Q: What is diabetes?
A: Diabetes mellitus is a chronic condition that affects approximately 16 million Americans. It is characterized by high blood sugar, which occurs when the body is unable to produce or to properly use the hormone insulin to convert sugars, starches and other foods into energy. The major types of diabetes are:

  • Type 1 Diabetes, which was previously called insulin-dependent diabetes, affects about 10% of people with diabetes and most often occurs in children and young adults. Individuals with type 1 diabetes make little or no insulin and must take daily injections to live.
  • Type 2 Diabetes, which used to be referred to as non-insulin dependent or maturity onset diabetes is the most common form of the disease, and affects about 90% of individuals with diabetes. It used to occur only in adults 45 years old or older, but, in recent years, type 2 diabetes is also being diagnosed in children as young as 8 years old. People with this type of diabetes make some insulin, but they are unable to use it properly to produce energy. Management of type 2 diabetes includes proper nutrition and physical activity. Treatment also involves oral diabetes medications and, in some cases, insulin injections.
  • Gestational Diabetes (GDM) is a type of diabetes that is discovered or diagnosed during pregnancy, most commonly around the 24th to 28th week of gestation. It can be treated with nutrition therapy only or with the addition of insulin injections if needed to control the blood sugar level. GDM usually resolves after delivery. However, women with gestational diabetes are at risk to develop type 2 diabetes and should be tested after delivery and periodically thereafter.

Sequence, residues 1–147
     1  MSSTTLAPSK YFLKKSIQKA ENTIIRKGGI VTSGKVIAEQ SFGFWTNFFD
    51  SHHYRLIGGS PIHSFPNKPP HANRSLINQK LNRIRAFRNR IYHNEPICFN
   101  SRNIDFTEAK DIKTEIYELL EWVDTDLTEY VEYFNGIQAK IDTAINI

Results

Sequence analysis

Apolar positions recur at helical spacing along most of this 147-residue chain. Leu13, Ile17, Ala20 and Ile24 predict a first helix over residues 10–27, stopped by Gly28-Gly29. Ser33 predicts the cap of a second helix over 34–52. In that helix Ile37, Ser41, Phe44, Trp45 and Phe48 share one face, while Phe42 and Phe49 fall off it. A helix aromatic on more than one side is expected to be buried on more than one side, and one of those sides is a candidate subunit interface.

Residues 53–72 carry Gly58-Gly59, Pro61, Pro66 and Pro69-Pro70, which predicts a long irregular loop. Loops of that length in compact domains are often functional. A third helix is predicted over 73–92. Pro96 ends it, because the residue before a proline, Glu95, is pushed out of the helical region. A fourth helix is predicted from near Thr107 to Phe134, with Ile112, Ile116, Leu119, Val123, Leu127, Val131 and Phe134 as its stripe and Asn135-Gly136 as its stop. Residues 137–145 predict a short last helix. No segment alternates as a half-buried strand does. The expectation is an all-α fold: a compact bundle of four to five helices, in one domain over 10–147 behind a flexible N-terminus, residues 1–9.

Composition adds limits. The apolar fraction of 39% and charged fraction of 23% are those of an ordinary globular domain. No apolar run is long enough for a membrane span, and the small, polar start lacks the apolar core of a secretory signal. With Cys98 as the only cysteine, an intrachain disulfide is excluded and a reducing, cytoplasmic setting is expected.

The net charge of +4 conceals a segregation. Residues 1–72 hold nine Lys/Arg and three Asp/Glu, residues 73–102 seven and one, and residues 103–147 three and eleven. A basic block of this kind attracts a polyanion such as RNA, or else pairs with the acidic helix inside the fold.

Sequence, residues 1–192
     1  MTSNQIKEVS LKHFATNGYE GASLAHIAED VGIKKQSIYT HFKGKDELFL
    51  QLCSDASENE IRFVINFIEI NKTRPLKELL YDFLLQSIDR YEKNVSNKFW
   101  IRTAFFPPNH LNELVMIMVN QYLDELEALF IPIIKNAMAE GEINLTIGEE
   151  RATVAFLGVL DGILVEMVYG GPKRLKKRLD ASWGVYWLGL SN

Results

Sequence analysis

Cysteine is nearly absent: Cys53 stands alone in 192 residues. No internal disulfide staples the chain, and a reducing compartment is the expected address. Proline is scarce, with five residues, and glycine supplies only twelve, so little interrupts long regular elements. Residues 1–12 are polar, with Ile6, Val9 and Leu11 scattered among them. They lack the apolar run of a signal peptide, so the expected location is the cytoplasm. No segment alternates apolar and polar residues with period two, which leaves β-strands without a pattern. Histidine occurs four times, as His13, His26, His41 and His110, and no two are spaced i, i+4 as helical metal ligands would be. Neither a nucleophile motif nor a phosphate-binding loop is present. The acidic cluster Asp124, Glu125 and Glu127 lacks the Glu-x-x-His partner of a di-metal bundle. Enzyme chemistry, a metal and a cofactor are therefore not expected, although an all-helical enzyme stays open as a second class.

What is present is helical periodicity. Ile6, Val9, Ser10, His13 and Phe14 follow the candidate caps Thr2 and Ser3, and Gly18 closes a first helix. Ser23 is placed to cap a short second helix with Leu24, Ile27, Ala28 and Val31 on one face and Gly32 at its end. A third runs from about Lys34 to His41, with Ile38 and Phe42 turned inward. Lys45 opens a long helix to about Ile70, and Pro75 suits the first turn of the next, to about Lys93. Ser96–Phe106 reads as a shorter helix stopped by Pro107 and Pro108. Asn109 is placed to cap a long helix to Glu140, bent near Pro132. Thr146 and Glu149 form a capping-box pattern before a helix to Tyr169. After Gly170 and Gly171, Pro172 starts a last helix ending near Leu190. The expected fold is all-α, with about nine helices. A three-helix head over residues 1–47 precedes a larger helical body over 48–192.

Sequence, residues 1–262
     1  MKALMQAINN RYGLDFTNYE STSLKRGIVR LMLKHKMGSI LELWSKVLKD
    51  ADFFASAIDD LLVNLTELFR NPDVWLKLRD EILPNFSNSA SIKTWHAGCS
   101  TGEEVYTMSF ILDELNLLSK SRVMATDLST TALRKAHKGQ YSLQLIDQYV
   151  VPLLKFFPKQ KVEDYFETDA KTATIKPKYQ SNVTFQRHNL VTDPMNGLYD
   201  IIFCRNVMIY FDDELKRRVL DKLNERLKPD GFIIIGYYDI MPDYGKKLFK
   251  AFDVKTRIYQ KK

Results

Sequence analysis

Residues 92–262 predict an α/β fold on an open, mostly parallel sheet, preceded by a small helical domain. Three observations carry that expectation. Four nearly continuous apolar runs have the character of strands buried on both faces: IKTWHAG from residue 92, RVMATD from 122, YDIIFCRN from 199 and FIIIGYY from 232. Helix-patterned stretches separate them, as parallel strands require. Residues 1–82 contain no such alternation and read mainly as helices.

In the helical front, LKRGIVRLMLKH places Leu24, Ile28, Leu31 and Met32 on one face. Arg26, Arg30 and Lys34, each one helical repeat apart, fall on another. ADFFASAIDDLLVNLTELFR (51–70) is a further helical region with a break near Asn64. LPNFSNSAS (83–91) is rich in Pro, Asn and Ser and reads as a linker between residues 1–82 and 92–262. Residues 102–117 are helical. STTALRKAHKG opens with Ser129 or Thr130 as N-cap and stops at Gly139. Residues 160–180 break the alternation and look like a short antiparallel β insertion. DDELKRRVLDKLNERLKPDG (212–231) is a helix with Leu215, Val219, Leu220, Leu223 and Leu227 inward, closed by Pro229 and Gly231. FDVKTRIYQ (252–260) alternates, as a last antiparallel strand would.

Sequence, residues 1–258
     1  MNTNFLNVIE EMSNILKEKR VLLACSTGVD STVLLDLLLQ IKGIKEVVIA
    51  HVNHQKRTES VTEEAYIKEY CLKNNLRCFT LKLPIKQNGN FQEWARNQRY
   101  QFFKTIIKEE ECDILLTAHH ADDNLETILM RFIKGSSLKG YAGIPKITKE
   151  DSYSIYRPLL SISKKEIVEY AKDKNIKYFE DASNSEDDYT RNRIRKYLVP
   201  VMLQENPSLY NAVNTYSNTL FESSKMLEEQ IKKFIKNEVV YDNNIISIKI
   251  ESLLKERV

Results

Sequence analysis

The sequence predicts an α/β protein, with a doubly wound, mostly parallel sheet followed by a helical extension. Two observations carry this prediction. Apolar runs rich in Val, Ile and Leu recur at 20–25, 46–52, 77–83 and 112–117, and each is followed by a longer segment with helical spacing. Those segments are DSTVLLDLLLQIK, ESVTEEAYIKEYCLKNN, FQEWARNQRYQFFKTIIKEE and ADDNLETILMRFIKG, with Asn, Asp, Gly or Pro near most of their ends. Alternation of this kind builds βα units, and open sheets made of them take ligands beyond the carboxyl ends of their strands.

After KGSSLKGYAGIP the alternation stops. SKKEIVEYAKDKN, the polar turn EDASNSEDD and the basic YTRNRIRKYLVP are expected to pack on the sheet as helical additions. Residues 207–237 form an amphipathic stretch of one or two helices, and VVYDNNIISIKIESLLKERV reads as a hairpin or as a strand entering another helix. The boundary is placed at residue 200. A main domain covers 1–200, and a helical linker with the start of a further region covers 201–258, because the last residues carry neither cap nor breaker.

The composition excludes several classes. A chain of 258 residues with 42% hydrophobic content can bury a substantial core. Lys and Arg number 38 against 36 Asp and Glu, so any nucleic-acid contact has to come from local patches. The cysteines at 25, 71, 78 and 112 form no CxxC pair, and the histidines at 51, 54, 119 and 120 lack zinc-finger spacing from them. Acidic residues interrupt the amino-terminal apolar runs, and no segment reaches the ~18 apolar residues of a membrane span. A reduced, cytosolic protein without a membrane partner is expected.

Q: Who gets diabetes?
A: The causes of diabetes are not well known, but both heredity and environment appear to play a role in its development. The American Diabetes Association recommends that testing be done in individuals who:

  • Are 45 years of age or older
  • Are overweight
  • Have diabetes in their family
  • Are members of high risk ethnic population (Native American, Hispanic, African American, Asian)
  • Had gestational diabetes or had a baby weighing more than 9 pounds at birth
  • Have high blood pressure
  • Have abnormal blood fat (cholesterol, triglyceride)
  • Have a history of abnormal glucose test: impaired glucose tolerance, or impaired fasting glucose (previously called borderline diabetes)

Early detection and prevention of is recommended for individuals at risks for type 2 diabetes. Prevention may be achieved with proper nutrition and exercise.

Q: What are the goals of diabetes management?
A: Diabetes management is a partnership between the health care team and the individual with the condition. Management goals should be set individually, based on each person’s health status and motivation to participate in his/her self-care. The general goals of diabetes management are to:

  • Achieve and maintain the best possible blood sugar control
  • Prevent acute complications
  • Prevent/delay chronic complications
  • Achieve/maintain the best possible quality of life

Q: What type of diabetes care should be expected?
A: According to the standard of care developed by the American Diabetes Association the following key monitoring should be done regularly:

  • Glycohemoglobin (HbA1c) (average blood sugar over a 3 month period) quarterly or at least twice a year if meeting goals
  • Dilated eye exam at least yearly
  • Foot exam at regular diabetes related visits
  • Lipid (blood fat) exam yearly
  • Microalbumin test (to check kidney function) yearly
  • Blood pressure at each regular diabetes visits
  • Weight monitoring